Introducing new glioblastoma treatments was not the immediate agenda of biochemist Lewis Cantley, PhD (BIDMC), when he began studying cellular metabolism in the 1960s. He wanted to decipher the signaling pathways that control cell growth and division, with a special interest in cancer. In the 1980s, he and Thomas Roberts, PhD (DFCI), discovered a signaling molecule, phosphatidylinositol 3-kinase (PI3K), and showed that it coordinates growth signals with the availability of nutrients via a molecular relay in the PI3K pathway. Over the years, they and colleagues at DF/HCC and elsewhere determined that the PI3K pathway is hyperactivated in many types of cancers, and also determined the causes and consequences of this hyperactivation. In a nutshell, when hyperactivated, this pathway helps cells escape the normal confines on growth and cell division, and this can both cause cancer and stimulate existing cancers.
Researchers also found that the tumor suppressor called phosphatase and tensin homolog (PTEN) normally inactivates everything that PI3K activates, as part of the natural checks and balances on cell growth. In many cancers, PTEN is defective or deleted, eliminating its protective function. Both overactive P13K signaling and loss of PTEN were later identified in glioblastoma. About 15 percent of glioblastoma patients have PI3K activation and another 45 percent lack a functioning PTEN, explains neuro-oncologist Patrick Wen, MD (DFCI).
“To date, we cannot replace a lost gene’s function,” Wen says, “so we use targeted therapies to inhibit aberrant tyrosine kinases and other signaling molecules.” Many targeted therapies can quickly shrink tumors, but tumors often return after cancer cells develop resistance. Cantley and others hypothesized that inhibiting PIK3 signaling might enhance the effect of these inhibitors and other therapies. Could PIK3 inhibition in glioblastoma, in combination with standard therapy or other new therapeutics, increase the time period before patients relapse?
Some 100 clinical trials are testing PI3K inhibitors, yet most do not cross the blood-brain barrier and so would not benefit glioblastoma. Now, a new compound, BKM120 by Novartis, does enter the brain. It is an oral pan-PI3K inhibitor that hits all relevant subunits of PI3K. Following promising pre-clinical work, José Baselga, MD, PhD (MGH), ran a phase I clinical study of this compound in all cancers, and Stiles helped with the clinical work in glioblastoma. Wen is running clinical trials testing it alone and combination with other drugs in glioblastoma patients. (See the accompanying Spotlight article about an ongoing Phase 2 trial of BKM120.)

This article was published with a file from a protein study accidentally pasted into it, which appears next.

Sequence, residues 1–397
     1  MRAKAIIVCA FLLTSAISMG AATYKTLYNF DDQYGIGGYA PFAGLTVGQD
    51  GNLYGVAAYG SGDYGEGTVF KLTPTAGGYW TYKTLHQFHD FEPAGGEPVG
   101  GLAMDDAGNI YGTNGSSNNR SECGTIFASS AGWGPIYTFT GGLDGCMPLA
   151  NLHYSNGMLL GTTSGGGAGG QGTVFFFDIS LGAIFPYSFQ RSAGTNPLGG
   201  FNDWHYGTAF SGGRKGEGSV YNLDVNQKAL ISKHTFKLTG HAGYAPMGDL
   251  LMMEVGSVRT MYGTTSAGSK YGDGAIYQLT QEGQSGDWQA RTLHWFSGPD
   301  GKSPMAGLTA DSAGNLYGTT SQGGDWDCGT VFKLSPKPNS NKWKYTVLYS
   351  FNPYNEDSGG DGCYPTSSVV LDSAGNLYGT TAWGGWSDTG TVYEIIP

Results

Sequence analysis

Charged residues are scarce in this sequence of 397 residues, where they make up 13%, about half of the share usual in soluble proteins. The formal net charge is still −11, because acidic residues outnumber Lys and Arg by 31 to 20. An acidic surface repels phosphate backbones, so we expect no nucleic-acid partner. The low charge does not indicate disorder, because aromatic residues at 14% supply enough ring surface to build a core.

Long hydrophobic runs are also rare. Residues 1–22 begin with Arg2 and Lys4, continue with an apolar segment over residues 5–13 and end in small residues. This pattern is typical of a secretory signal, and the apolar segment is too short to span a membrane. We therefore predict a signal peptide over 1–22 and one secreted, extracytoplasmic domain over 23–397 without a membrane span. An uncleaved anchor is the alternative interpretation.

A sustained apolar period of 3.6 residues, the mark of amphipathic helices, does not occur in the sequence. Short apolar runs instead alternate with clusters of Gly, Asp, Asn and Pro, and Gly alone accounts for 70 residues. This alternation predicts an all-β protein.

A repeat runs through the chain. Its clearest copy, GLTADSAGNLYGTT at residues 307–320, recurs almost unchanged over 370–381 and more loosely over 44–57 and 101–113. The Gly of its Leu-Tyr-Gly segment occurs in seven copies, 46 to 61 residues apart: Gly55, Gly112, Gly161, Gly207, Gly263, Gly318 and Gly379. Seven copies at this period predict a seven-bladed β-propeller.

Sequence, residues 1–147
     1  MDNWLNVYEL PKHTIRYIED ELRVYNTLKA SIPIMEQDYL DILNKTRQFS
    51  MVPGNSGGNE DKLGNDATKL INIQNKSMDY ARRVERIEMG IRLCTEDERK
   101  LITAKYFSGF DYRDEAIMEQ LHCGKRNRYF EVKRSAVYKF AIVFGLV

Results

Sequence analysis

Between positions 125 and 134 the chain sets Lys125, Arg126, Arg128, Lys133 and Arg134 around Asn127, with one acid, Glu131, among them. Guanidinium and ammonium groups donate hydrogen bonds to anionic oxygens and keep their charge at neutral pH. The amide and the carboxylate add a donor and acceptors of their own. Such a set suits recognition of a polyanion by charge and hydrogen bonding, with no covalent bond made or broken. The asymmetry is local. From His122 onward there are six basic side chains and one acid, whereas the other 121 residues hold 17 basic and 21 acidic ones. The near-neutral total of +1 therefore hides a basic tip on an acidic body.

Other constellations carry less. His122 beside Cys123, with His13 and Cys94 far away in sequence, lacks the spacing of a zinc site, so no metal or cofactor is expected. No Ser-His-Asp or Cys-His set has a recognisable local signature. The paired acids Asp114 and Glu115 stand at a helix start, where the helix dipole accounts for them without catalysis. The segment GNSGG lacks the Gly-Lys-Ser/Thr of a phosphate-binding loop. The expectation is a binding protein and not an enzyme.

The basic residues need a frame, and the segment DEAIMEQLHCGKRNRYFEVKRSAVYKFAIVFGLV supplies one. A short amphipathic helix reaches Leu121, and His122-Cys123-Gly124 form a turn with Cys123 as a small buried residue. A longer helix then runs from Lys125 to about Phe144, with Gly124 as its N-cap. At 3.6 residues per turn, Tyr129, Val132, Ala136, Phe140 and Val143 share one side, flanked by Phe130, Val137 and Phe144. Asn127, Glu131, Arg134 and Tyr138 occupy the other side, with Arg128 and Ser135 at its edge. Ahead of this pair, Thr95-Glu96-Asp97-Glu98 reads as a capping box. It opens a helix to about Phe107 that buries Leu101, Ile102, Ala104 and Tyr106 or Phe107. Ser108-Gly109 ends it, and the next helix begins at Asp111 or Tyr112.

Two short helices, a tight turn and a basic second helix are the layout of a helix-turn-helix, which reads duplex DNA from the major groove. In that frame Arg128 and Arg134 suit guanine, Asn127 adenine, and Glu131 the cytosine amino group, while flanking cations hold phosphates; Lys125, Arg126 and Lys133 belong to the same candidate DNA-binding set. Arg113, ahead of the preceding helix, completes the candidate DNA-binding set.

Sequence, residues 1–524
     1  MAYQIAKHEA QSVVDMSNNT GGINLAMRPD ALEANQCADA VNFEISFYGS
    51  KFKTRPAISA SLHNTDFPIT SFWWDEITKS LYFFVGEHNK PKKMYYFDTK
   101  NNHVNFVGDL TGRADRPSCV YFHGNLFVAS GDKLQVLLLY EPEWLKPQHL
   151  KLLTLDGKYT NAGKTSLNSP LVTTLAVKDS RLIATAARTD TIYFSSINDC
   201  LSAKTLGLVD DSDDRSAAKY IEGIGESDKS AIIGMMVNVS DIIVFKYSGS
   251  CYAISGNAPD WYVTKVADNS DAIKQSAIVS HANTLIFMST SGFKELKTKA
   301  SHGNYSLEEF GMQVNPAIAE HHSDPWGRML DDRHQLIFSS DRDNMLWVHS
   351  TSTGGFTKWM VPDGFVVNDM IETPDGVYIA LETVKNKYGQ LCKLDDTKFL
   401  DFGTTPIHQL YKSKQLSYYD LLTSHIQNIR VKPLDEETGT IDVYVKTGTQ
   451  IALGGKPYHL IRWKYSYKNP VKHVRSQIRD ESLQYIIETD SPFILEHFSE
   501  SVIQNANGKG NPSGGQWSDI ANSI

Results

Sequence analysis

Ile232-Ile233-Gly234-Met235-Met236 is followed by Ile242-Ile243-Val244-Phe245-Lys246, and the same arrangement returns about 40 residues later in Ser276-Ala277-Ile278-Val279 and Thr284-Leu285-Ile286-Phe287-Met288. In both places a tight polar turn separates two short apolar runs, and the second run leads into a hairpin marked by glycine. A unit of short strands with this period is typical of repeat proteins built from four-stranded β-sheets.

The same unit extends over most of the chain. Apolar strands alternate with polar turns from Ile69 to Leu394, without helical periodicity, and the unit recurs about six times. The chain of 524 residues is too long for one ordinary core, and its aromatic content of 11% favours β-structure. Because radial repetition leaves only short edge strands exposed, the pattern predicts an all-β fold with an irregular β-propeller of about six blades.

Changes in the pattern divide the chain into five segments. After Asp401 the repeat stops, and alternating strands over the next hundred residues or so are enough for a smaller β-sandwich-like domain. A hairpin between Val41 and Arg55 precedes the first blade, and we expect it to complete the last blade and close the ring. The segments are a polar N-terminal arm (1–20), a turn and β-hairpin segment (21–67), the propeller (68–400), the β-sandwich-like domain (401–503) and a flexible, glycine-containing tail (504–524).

“It’s hard to kill glioblastoma tumors, and no one expects blocking PI3K alone will be all it takes,” says Wen. “But it’s the backbone for combination therapy, so we are focusing on what is the best combination and how to predict who will respond.”
Genetically Informed Trials
Before targeted therapies, all patients with a certain cancer type – non-small cell lung cancer (NSCLC), melanoma, glioblastoma, etc. – received the same treatment. Even after targeted therapies like imatinib (Gleevec) and gefitinib (Iressa) had proven their efficiency in subsets of cancers with a defining genetic profile, new targeted agents were still tested first in any patient with, for example, NSCLC, regardless of the whether a patient’s tumor had the genetic anomaly the drug was intended to target. As a result, if only 10 percent of NSCLC patients have the targeted mutation, the therapeutic will not help the other 90 percent of participants in the trial. Based on the poor overall results, the new agent may not gain approval, denying it to the subgroup of patients who can benefit from it – and who could be selected by their tumor’s genetic profile. Pharmaceutical companies were originally not interested in developing an expensive drug for such a small population of cancer patients, Wen says. But as evidence demonstrated the effectiveness of targeted therapies in these subgroups and as more genetic mutations defining different subtypes were discovered, the mindset began to change.